In this episode, Alissa Rubin reads an excerpt from the ancient Greek epic The Iliad. Rubin is a Senior International Correspondent for The New York Times. She worked previously as the Bureau Chief in Baghdad, Paris, and Kabul. In 2016, she was awarded the Pulitzer Prize in International Reporting for “thoroughly reported and movingly written accounts giving voice to Afghan women who were forced to endure unspeakable cruelties.”
The passage that Rubin selected is from the very last book of The Iliad, and portrays an encounter between the Trojan King Priam and the Greek warrior Achilles. If you’re unfamiliar with the story, all you really need to know — for our purposes — is that Priam’s son killed Achilles’ best friend in combat, and Achilles then killed Priam’s son in retribution. At the point where we meet them, Achilles has been dragging the body of his slain enemy behind his chariot for twelve days, and Priam has come in person to his enemy’s encampment to plead for the return of his son’s body.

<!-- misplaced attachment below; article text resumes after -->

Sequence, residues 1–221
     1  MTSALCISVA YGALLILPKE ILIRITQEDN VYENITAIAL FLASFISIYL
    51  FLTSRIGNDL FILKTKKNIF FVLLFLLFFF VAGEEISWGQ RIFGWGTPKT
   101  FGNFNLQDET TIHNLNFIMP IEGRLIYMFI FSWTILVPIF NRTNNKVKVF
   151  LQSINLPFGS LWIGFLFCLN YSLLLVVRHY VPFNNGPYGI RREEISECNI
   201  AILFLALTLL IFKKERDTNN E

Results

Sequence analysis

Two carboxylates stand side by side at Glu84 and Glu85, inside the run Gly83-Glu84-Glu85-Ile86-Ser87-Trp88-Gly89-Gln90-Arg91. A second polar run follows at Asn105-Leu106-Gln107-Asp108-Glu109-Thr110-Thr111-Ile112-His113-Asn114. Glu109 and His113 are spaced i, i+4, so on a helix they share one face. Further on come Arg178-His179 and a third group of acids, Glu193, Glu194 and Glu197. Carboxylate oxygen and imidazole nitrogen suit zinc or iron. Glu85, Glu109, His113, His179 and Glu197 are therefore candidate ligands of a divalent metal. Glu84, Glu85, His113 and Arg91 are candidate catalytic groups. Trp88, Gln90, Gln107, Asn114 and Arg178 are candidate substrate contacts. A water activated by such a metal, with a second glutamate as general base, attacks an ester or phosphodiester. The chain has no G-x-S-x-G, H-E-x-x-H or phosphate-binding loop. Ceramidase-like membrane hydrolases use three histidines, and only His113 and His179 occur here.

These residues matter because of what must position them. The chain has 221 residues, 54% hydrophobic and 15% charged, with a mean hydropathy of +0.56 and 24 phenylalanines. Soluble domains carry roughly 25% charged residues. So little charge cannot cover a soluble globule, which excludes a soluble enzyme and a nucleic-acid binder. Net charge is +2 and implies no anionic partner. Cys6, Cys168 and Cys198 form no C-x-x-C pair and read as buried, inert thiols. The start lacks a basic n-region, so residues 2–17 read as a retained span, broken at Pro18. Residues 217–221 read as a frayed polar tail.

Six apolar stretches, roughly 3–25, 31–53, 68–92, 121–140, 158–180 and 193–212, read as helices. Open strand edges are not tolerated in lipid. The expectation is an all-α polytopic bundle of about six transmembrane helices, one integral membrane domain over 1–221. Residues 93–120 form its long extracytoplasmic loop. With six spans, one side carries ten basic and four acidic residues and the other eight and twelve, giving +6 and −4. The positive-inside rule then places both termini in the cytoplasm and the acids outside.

The Iliad by Homer, translated by Robert Fagles, is published by Penguin Random House.
Alissa Rubin’s reporting – including her recent must-read coverage on climate change in the Middle East – is available to subscribers of The New York Times.
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